Nonetheless (never one to be deterred) there are other ways to think about the spaces between things, even when drawing from memory. I can put parts of the still life together temporarily. I can also just have a whack at drawing the stuff between the stuff (even from imagination) and see what new stuff emerges.

Nothing ventured, nothing gained.

just back from the framer

The still life with flowers

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has got a new frame. I may continue tweaking the image — still figuring that out — but it has its frame so that in all changes going forward they will harmonize with each other.

Here it is below crammed into the studio. Sitting above it is probably the next thing that’ll make the trip to Georgetown Frame Shoppe, the pastel koi.

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Peter did a fabulous job on the corners of this beautiful molding.

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Stuff I love

I love drawing patterns on cloth

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when they recede in depth or when they follow folds in drapery.

I love the picture within a picture, putting something in the still life that has a picture on it, and making this other picture another space in the illusory painted space.

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Another thing I love are the confusing bits of chaos that you see when you look at something through glass.  I like to put bottles in the still life to draw the things seen distorted by the glass, love to draw the fruit in the blue compotier to see the blue alter the colors of the things.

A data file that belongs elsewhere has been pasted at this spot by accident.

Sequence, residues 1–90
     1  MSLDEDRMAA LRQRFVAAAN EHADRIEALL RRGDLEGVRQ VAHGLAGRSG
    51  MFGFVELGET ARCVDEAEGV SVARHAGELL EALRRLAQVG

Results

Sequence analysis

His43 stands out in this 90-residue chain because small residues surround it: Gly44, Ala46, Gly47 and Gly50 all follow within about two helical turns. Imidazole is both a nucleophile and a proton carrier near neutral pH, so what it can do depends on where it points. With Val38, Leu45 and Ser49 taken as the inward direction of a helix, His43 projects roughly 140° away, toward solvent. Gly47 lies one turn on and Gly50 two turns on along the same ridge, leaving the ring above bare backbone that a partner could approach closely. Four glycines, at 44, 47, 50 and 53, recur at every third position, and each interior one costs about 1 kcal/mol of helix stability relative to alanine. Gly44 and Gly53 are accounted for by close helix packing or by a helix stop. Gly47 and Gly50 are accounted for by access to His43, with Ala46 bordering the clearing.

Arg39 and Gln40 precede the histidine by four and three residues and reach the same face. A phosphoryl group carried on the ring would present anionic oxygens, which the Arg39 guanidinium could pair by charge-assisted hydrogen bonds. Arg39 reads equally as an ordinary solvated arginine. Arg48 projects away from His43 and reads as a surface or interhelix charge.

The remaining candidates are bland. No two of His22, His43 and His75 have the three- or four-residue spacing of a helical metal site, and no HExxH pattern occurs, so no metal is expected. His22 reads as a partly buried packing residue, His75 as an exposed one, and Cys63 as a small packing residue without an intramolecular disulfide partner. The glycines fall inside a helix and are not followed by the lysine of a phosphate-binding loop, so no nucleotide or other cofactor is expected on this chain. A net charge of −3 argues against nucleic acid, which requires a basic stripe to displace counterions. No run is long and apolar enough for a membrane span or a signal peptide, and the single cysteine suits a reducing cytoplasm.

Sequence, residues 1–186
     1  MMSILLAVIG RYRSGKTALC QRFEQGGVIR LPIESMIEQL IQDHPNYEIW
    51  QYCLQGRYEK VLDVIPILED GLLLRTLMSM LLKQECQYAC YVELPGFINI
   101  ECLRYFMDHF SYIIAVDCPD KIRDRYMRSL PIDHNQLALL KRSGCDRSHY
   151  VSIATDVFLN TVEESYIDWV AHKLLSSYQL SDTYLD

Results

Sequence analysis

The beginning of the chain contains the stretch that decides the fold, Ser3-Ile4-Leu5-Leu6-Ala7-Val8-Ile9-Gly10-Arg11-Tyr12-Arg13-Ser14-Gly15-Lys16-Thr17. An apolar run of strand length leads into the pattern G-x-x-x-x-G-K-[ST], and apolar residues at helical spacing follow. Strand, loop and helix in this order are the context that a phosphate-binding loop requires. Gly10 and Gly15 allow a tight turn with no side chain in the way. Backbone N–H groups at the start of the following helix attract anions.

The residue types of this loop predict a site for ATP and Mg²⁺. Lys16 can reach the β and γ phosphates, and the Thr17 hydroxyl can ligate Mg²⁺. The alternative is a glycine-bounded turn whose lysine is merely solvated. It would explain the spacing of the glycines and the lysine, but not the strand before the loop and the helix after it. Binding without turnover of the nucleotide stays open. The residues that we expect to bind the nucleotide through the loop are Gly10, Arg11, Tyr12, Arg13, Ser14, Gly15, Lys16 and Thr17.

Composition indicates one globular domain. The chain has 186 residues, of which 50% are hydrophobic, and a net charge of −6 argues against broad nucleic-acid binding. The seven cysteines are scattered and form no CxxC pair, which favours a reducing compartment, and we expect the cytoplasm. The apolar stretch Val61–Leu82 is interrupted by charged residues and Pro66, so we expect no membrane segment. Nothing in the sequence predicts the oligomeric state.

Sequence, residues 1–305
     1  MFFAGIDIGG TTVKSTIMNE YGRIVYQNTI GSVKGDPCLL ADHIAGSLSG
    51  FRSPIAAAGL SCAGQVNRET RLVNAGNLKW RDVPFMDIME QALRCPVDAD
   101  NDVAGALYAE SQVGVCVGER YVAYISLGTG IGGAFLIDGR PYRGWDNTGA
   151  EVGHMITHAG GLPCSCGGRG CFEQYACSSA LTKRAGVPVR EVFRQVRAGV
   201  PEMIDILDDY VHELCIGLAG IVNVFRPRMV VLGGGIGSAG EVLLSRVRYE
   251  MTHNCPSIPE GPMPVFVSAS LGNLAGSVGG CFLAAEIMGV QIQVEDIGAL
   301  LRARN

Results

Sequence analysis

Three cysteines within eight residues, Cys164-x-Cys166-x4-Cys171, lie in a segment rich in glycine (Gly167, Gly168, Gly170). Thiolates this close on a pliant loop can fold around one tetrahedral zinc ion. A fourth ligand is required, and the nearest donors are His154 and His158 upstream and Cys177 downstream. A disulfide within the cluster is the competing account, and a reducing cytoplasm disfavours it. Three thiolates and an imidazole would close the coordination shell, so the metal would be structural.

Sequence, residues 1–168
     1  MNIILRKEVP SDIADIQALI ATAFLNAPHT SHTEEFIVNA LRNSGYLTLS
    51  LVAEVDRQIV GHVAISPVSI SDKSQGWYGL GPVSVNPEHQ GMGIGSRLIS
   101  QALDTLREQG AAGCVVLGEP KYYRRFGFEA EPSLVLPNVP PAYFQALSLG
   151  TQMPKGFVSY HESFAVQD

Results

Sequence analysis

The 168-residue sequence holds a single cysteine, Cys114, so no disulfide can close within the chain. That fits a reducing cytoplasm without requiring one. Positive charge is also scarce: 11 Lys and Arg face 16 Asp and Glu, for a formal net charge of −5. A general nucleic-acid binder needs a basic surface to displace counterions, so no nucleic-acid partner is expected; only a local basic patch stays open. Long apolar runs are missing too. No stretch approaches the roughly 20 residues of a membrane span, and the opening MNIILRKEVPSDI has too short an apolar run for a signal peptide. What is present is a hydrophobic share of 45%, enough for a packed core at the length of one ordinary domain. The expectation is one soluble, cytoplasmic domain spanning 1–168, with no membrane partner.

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Also the pattern on a cloth that sits flat on the table top between two objects, to contemplate that space as a special landscape of imagination —

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— the way that pattern looks abstract because it’s partly covered up and is seen from an oblique angle so that’s it’s made twice unfamiliar.  All those kinds of things are fascinating, are wonderful beyond compare.

Sometimes I like the interstices better than the objects. The “negative space” sometimes gets you closer to the perception because when you draw it you are no longer naming the things, but are instead drawing the spaces between the things, seeking to draw parts of the entire veil of light hanging in front of your eyes — seeing it as a veil.